Tuesday, July 03, 2007


There was a reading of my play He Asked For It at the Celebration Theatre tonight which was really productive. An awesome group of actors, and a talkback afterwards that was great. I often find talkbacks rambly and unhelpful because you have to wade through a lot of contradictory opinions, but tonight's discussion was really good--there are a few scenes in the play that need some work and I know what I want to do to them now.

I don't usually write about writing stuff on the blog because that's not what the blog's about. But honestly, I don't really know what this blog's supposed to be "about" right now. For its first year, it was all about "new things." Then it was all about Uma's brain. And now...I guess it can just be about whatever I damned want it to be about--but still, I feel like it needs some sort of definition, some sort of mission statement. And I don't know what that is. It'll evolve, it'll find itself. I'm just mentioning the blog's identity crisis as an explanation for my lack of blogging the past month. (Yesterday's long rambly post notwithstanding.)

BUT back to my play reading, the reason I started writing this post in the first place, which I bring up because during the talkback one of the audience members mentioned that he's part of the AIDS Dissident Movement (the play follows several characters who have HIV) and he was wondering why I didn't include that viewpoint in my play. Now, I've heard of AIDS Dissidents, but honestly I didn't know much about them, and I didn't really know what to say to this guy, other than the truth: the Dissident movement has nothing to do with the story I'm telling in this play. But then I came home and did some googling and read more about this so-called movement (the Dissidents basically believe that HIV doesn't cause AIDS) and it totally freaks me out. They're like the Holocaust deniers, except AIDS isn't something that happened sixty years ago. It's happening now, people are still getting infected at alarming rates, it's bigger than we want to admit. We're already too damned complacent about it as it is--we don't need people going around denying the problem. It's scary and dangerous and upsetting.


After the reading, before the googling, I spent a few hours organizing books in my new apartment, and I cannot begin to express how satisfying I find the simple act of alphabetizing my books.

They've been in storage for two years and every time I open up a new box and pour through its contents I get these waves of excitment, like I'm being reunited with all of these old friends.

(Is that the geekiest thing ever, or what?)


frank's wild lunch said...

First! And my friend Kevin would love you for having the Alexandria Quartet up there; they're among his favorites and they always make me think of him. They're also part of a long list of books I've yet to read. Of course, I'd like to finish Sophie's Choice first! I've got about 150 pages to go.

I'm sorry I didn't get to the reading last night! I was up until almost midnight but I finally finished the new draft. Good to hear it went well.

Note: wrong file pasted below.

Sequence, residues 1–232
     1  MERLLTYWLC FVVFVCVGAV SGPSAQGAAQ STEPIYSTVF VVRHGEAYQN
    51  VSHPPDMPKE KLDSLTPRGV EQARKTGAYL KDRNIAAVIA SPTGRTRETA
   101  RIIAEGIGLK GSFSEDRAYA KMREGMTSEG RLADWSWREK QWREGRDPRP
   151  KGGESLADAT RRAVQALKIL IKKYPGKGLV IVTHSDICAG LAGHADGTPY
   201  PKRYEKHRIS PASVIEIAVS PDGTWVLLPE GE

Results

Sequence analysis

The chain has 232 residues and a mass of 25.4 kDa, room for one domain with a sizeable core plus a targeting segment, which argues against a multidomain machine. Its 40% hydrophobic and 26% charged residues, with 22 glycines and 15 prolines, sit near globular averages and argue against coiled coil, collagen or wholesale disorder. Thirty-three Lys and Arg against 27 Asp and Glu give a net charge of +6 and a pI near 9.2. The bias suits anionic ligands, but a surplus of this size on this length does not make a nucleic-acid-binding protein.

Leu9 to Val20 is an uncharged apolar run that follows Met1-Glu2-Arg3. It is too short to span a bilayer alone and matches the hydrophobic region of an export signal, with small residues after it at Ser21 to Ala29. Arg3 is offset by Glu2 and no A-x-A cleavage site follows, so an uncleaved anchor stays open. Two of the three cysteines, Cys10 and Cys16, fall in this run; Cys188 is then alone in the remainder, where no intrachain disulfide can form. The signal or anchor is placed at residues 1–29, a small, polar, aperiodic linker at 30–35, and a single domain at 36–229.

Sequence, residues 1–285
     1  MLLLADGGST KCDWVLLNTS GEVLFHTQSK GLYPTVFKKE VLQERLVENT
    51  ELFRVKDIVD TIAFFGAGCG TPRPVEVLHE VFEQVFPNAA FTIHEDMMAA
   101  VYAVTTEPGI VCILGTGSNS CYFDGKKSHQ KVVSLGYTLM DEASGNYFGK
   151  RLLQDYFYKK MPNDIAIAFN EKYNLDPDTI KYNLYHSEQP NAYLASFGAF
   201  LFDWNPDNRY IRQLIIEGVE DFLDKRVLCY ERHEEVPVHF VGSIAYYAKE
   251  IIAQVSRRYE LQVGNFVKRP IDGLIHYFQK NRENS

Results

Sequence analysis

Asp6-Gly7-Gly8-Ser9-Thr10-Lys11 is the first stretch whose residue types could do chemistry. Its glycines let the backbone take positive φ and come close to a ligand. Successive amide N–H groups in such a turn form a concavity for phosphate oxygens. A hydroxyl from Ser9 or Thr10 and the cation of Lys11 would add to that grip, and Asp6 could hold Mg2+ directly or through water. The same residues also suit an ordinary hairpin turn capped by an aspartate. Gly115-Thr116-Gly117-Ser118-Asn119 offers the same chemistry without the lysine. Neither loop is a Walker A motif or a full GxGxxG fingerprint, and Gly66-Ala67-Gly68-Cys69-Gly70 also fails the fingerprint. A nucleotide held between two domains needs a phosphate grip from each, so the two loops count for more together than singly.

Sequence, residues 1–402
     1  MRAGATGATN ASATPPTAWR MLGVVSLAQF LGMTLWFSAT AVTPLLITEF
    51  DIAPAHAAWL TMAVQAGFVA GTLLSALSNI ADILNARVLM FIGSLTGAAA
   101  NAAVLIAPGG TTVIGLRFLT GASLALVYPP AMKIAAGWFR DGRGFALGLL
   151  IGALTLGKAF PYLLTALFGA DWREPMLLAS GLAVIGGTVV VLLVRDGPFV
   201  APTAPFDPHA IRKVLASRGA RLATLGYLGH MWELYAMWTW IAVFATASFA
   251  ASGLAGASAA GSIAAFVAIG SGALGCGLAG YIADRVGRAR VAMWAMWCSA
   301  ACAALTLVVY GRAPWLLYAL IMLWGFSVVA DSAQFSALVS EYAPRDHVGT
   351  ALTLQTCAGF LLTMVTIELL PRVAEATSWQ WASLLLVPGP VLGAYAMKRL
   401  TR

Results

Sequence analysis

Doug said...

I love looking at other people's book shelves. Giles Goat Boy! I haven't thought of that in years.

Anonymous said...


I think that you're being totally unfair. The AIDS Dissident guy wasn't irrelevant. After all, you wrote this whole play about AIDS and people catching/spreading AIDS, and living with it and how it's a problem and making people think about AIDS when they watch this play... and that guy was simply pointing out that some people want to defend the right of people with a deadly disease that is spread by having unprotected sex to have unprotected sex ("natural sex").

Maybe you could add a character to your play who kills people everytime he shoots them and then he wants to defend his right to shoot people ("naturally shoot people"). Just make him Henry's brother or something.

You can figure out something.

drc said...

I love that you get to keep all your books! I want a house with lots of bookshelves...

Erik said...

Anonymous, (and I know who you are),

Your tongue-in-cheek comments aside, the point I was trying to make was that this is an issue of responsibility. And if someone wants to argue that HIV doesn't cause AIDS and that it's a mass government conspiracy, they can do the research and they can argue it all they want, FINE. But, but, BUT--enough doctors and professionals say that hiv DOES cause AIDS that it's irresponsible and reckless to spread the viewpoint that one should be out in the world having unprotected sex if one is HIV positive, especially if you're not disclosing your status. I don't view having unprotected, or "natural," sex as a God-given right, I view it as a privilege that you EARN by acting responsibly and engaging in safe (i.e. condomed) sex until you're in a monogomous relationship. To have an opinion that differs from the majority is fine, but don't put others in a potentially life-threatening situation. This is a matter where erring on the side of caution is the way to go.

Anonymous said...


You are such a snob.

I can't believe that you think that people shouldn't be able to kill other people if they want to. Like, you actually think that it's wrong to not tell people that you MAY have a disease that will probably kill them.

Grow up.